Ann Cvetkovich, Full Professor, English and Women & Gender Studies, University of Texas Austin. Project: The Queer Art of the Counterarchive. Project that chronicles the recent proliferation of LGBTQ archives and uses them as a point of departure for a broader inquiry into the power of archives to transform public histories. The project operates in the tensions between activist calls for archival visibility and critiques of the archives as not only politically suspect but impossible. She addresses these tensions through case histories of actual archives, as well as projects by artists whose creative and queer approaches to the archives are simultaneously critical and transformative.
Linda Rui Feng, Associate Professor, East Asian Studies, University of Toronto. Project: A book of essays on Tang Dynasty China that brings to life and to a broader audience fragments of lives and glimpses into human nature by using the narrative framework of an investigative reporter trying to fill in details that happen to be 1100-years-old. By posing the question of “how much can we really know an ancient city that has no physical remains,” she wishes to engage the lay reader by selecting in each essay one historical person as a kind of “person of interest” for the reader.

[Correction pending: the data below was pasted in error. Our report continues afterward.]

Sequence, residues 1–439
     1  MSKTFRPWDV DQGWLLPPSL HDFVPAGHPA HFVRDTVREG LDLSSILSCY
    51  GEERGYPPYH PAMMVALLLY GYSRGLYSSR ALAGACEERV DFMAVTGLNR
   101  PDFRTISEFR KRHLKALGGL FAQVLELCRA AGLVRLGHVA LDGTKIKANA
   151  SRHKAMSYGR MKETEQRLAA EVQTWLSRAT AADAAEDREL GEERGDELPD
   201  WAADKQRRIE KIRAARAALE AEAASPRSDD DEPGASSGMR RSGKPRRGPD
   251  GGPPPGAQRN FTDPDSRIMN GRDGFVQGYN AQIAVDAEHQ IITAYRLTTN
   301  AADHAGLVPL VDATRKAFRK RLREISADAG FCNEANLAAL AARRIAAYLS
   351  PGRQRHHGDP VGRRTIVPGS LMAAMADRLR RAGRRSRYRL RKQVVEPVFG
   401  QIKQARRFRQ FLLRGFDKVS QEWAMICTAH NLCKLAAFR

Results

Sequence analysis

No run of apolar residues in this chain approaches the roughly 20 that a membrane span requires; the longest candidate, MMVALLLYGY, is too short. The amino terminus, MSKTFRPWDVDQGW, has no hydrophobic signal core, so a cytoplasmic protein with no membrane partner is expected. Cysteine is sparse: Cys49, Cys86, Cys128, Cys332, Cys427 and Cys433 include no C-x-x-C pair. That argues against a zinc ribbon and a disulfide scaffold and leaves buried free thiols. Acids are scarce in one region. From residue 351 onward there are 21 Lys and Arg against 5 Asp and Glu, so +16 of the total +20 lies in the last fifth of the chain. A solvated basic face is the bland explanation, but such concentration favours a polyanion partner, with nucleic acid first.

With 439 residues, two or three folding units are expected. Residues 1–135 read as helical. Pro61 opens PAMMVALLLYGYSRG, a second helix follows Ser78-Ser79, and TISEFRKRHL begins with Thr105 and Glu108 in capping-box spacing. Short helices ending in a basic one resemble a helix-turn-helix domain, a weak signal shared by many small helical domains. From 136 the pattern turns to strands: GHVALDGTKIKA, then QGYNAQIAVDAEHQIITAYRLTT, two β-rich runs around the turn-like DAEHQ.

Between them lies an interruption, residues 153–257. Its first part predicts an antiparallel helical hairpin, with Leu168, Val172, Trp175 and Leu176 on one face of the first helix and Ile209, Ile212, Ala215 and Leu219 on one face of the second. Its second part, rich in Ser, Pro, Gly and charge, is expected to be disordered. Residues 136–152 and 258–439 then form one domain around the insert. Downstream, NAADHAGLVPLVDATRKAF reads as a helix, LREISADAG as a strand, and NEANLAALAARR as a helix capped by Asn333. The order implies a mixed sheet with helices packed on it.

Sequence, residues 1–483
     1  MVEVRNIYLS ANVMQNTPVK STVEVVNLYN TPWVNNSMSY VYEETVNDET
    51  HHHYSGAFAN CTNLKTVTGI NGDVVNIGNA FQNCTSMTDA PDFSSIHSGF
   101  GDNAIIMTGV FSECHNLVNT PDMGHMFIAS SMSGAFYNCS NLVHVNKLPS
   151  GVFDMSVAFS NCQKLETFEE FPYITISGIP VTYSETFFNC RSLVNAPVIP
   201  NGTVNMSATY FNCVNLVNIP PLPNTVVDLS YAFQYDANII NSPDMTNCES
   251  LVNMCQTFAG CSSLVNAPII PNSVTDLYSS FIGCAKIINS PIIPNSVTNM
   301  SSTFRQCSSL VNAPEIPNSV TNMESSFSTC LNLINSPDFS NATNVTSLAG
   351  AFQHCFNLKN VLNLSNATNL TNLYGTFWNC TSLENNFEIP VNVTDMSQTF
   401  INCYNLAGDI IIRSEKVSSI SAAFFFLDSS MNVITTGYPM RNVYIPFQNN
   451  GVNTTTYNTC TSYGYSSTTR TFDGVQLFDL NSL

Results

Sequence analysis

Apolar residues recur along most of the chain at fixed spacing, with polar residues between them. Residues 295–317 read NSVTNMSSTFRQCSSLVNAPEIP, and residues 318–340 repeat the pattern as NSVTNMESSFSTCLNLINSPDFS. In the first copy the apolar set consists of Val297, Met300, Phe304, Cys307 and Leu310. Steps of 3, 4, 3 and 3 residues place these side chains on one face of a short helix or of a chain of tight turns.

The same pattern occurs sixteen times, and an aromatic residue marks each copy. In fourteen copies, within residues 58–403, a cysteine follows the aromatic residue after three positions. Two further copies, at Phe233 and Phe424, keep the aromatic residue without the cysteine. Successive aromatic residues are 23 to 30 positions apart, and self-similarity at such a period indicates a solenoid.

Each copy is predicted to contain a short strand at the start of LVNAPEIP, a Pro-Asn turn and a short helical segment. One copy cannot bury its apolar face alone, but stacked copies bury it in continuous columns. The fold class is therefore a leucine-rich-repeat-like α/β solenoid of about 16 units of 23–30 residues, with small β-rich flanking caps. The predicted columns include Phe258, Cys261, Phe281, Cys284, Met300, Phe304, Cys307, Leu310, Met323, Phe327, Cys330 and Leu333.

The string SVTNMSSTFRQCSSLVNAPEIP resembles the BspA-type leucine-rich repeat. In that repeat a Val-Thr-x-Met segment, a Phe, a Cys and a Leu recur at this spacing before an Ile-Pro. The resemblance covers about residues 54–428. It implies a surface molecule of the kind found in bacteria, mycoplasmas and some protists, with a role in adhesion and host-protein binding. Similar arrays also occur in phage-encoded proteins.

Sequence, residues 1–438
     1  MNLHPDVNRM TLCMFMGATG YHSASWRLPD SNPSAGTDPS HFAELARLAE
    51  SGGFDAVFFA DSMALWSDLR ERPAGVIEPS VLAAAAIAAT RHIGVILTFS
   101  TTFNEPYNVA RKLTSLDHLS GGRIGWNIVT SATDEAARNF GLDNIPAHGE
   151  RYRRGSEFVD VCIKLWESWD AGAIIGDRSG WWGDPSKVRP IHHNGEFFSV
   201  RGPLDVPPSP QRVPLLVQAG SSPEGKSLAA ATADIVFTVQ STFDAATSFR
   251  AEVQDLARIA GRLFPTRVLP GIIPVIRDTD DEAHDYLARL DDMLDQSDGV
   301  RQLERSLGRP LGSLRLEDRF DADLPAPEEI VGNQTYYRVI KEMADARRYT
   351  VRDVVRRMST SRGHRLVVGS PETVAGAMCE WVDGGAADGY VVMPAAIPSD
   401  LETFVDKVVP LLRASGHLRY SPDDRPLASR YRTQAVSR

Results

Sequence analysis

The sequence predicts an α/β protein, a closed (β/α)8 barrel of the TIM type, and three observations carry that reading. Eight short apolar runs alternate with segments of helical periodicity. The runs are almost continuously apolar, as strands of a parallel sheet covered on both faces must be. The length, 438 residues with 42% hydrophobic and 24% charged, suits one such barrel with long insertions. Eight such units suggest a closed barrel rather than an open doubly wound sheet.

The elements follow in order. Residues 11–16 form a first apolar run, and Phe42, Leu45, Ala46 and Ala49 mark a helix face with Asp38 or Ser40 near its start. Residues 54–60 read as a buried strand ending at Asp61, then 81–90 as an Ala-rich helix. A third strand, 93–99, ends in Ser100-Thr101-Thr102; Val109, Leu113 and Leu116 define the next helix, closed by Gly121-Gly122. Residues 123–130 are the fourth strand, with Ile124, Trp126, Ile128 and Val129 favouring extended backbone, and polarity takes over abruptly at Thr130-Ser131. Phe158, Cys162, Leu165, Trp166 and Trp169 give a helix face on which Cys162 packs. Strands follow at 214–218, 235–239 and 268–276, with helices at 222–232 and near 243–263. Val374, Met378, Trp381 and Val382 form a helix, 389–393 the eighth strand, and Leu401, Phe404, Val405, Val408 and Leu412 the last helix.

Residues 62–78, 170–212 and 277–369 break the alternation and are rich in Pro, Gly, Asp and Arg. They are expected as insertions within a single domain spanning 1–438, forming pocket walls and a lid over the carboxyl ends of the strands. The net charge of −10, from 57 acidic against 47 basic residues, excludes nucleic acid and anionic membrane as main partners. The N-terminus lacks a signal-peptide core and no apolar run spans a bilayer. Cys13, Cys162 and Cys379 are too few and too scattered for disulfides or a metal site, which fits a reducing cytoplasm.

Sean Mills, Assistant Professor, History, University of Toronto. Project: A non-academic book on jazz pianists, Lou Hooper and Oscar Peterson. Because jazz music had been so closely aligned with the experience of African Americans, and because it had been largely excluded from official definitions of Canadian culture, Peterson often complained that in Canada the music did not receive the support and recognition that it deserved. This situation began to change in the 1960s and 1970s, however, as Peterson’s fame increased, and as Peterson himself moved from Montreal to Toronto. By exploring the entangled lives of Hooper and Peterson, he hopes to write a history book that, connecting the histories of Toronto, Montreal, Detroit, and New York, will also have significant popular appeal.
Amira Mittermaier, Associate Professor, Depts of Religion and Near and Middle Eastern Civilizations, University of Toronto. Project: book on Islamic charitable practices in contemporary Egypt; has completed ethnographic fieldwork. She seeks to offer an evocative account of how, why, what, and to whom pious Muslims give in their everyday lives. In particular, she tells the story of people handing out meals and alms, gifts that development-oriented NGOs tend to dismiss as a mere “drop in the ocean.” Prose model: Matt Madden’s 99 Ways to Tell a Story.